Table 2.

Genome sequencing project information

MIGS ID

Property

Term

MIGS-31

Finishing quality

Non-contiguous finished

MIGS-28

Libraries used

Two Sanger 8 kb pMCL200 and fosmid libraries; one 454 pyrosequence standard library

MIGS-29

Sequencing platforms

ABI3730, 454 GS FLX

MIGS-31.2

Sequencing coverage

10.1 × Sanger; 24.6 × pyrosequence

MIGS-30

Assemblers

Newbler version 1.1.02.15, phrap

MIGS-32

Gene calling method

Prodigal 1.4, Genemark 4.6b, tRNAScan-SE-1.23, infernal 0.81

 

INSDC ID

ADVG00000000

 

Genbank Date of Release

June 14, 2010

 

GOLD ID

Gi02261

 

NCBI project ID

27943

 

Database: IMG-GEBA

648276680

MIGS-13

Source material identifier

DSM 44963

 

Project relevance

Tree of Life, GEBA

Growth conditions and DNA isolation

K. racemifer SOSP1-21T, DSM 44963, was grown in DSMZ medium 65 (GYM Streptomyces medium) [27] adjusted to pH 6.0, at 28°C. DNA was isolated from 0.5–1 g of cell paste using Qiagen Genomic 500 DNA Kit (Qiagen 10262) following the manufacturer’s protocol, with cell lysis protocol st/LALMP as described in Wu et al. [26]. DNA is available through the DNA Bank Network [28].

Genome sequencing and assembly

The genome was sequenced using a combination of Sanger and 454 sequencing platforms. All general aspects of library construction and sequencing can be found at the JGI website [29]. Pyrosequencing reads were assembled using the Newbler assembler (Roche). The initial Newbler contigs were broken into 14,080 overlapping fragments of 1,000 bp and entered as pseudo-reads into the subsequence assembly. The sequences were assigned quality scores based on Newbler consensus q-scores with modifications to account for overlap redundancy and to adjust inflated q-scores. A hybrid 454/Sanger assembly was produced using parallel phrap (High Performance Software, LLC). Possible mis-assemblies were corrected with Dupfinisher [30], or transposon bombing of bridging clones (Epicentre Biotechnologies, Madison, WI) [31]. Some gaps between contigs were closed by editing in Consed [32], custom primer walking or PCR amplification. A total of 3,354 Sanger finishing reads and five shatter libraries were produced to close gaps, to resolve some repetitive regions, and to raise the quality of the finished sequence. Illumina reads were also used to correct potential base errors and increase consensus quality using a software Polisher developed at JGI [33]. The error rate of the completed genome sequence is less than 1 in 100,000. Together, the combination of the Sanger and 454 sequencing platforms provided 34.7 × coverage of the genome. The final assembly contained 165,050 pyrosequence and 2,305,667 Illumina reads.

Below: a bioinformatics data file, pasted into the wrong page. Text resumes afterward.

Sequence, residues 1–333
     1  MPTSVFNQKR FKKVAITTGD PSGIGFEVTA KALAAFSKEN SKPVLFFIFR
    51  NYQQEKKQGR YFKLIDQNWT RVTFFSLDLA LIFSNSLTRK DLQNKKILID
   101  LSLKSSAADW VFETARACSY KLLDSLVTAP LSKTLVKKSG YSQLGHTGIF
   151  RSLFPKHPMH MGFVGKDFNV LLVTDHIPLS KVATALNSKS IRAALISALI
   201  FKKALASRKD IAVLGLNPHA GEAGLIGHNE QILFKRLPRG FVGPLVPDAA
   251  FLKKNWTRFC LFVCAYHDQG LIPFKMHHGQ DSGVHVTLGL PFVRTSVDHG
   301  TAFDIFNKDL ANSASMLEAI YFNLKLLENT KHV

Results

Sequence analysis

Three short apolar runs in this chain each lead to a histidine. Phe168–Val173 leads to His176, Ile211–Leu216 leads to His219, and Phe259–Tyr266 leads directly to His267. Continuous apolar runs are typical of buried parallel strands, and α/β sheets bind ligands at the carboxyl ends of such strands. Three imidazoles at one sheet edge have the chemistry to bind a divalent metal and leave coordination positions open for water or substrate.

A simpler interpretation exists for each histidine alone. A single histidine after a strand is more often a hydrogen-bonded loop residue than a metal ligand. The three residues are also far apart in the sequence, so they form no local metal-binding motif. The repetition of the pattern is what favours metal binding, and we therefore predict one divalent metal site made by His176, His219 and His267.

Genome annotation

Genes were identified using Prodigal [34] as part of the Oak Ridge National Laboratory genome annotation pipeline, followed by a round of manual curation using the JGI GenePRIMP pipeline [35]. The predicted CDSs were translated and used to search the National Center for Biotechnology Information (NCBI) non-redundant database, UniProt, TIGR-Fam, Pfam, PRIAM, KEGG, COG, and InterPro databases. Additional gene prediction analysis and functional annotation were performed within the Integrated Microbial Genomes - Expert Review (IMG-ER) platform [36].

Genome properties

The non-contiguous finished genome consists of ten contigs ranging in size from 1,579 bp to almost four Mbp, with five contigs being longer than one Mb (1,302,518 bp, 2,713,222 bp, 2,766,182 bp, 2,916,502 bp, and 3,837,106 bp) and a G+C content of 53.8% (Table 3 and Figure 3). Of the 11,540 genes predicted, 11,453 were protein-coding genes, and 87 RNAs; No pseudogenes were identified. The majority of the protein-coding genes (61.2%) were assigned a putative function while the remaining ones were annotated as hypothetical proteins. The distribution of genes into COGs functional categories is presented in Table 4.